The contemporary city is no longer an open, unrestricted space for the individual.
Instead, the contemporary city is a privatised state that uses architecture as a tool of coercion.
We have allowed ourselves to be coerced into conformity, to the extent that our cities have become a tool of control that restricts our movements and interactions.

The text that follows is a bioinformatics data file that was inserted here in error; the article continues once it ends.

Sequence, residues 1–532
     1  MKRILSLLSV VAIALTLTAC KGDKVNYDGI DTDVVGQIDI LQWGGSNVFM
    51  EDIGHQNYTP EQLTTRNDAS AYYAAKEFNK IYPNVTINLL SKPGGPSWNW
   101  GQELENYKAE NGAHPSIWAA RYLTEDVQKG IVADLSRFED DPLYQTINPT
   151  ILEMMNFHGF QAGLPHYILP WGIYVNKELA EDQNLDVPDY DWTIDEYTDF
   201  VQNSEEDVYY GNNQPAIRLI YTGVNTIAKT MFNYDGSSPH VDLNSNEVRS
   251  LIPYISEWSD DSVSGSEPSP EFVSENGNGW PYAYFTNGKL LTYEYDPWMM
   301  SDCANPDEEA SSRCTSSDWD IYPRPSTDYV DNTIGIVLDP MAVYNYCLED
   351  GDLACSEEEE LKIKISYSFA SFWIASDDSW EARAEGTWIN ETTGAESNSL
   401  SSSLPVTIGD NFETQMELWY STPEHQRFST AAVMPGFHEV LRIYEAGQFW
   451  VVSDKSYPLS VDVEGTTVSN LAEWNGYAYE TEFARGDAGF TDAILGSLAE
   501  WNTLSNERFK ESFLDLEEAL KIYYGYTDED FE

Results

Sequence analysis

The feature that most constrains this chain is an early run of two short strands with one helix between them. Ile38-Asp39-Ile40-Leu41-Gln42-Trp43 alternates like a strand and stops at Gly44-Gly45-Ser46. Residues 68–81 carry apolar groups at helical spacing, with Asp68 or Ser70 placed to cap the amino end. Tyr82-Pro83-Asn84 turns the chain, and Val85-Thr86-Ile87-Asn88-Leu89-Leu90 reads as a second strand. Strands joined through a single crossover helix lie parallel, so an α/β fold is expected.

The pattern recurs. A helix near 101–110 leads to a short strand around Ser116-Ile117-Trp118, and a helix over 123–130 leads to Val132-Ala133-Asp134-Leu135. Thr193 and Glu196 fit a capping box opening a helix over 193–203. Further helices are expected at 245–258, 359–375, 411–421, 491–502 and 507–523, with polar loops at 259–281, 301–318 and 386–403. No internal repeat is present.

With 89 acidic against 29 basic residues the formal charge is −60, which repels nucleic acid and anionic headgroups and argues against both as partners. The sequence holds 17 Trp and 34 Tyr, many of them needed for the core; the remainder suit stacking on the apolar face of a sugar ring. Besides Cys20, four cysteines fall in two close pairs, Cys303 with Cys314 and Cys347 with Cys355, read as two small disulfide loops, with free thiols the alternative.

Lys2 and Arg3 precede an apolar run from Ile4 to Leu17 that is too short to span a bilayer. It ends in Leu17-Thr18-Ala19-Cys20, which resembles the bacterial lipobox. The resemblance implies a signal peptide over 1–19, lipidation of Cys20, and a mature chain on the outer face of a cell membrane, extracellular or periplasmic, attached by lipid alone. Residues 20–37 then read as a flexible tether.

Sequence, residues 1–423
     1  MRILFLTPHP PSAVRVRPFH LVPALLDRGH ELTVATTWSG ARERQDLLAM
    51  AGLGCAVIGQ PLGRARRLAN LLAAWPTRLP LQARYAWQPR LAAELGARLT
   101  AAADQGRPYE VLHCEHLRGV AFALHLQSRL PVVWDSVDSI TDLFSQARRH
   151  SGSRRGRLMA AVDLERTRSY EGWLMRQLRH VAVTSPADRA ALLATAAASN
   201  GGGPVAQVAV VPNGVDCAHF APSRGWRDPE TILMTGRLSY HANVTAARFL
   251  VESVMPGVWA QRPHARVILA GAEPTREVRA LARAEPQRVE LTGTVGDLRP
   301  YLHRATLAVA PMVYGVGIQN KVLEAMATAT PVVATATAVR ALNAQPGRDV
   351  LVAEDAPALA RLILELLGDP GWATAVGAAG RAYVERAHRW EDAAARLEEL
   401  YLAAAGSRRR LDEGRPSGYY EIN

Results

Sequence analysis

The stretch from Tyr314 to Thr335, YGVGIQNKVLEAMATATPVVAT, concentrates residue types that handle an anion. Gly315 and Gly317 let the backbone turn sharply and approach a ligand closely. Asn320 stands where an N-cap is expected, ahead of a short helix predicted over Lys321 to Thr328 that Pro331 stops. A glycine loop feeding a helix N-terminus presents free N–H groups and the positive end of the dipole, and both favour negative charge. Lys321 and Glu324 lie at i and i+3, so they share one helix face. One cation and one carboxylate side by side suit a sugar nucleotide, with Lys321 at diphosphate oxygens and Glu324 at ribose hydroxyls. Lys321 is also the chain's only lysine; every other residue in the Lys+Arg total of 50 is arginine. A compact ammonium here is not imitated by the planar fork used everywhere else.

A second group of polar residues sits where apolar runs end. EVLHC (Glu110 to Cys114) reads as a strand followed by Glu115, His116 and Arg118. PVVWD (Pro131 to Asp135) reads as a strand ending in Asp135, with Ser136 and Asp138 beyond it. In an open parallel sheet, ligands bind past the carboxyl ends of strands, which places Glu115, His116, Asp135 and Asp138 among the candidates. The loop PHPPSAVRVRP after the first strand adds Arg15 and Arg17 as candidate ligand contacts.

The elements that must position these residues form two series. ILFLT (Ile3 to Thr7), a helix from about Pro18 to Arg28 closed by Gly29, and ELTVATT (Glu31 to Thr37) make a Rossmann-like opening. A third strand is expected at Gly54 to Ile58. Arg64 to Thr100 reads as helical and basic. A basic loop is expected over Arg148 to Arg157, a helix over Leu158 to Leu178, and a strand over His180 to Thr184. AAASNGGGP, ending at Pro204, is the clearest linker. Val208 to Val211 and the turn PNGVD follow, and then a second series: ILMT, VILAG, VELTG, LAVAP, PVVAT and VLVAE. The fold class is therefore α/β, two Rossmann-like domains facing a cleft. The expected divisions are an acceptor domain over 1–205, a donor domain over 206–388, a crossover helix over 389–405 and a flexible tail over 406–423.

There is no longer the possibility of free movement, instead we conform and surrender to the culture of privatisation.
Canary Wharf is an exemplar of how large corporations control and privatise parts of the city.
Fear and psychological discomfort are the main restrictors of our movement and willingness to interact with the city.
In order to restore the tolerance of the city a series of architectural elements need to be implemented into our buildings.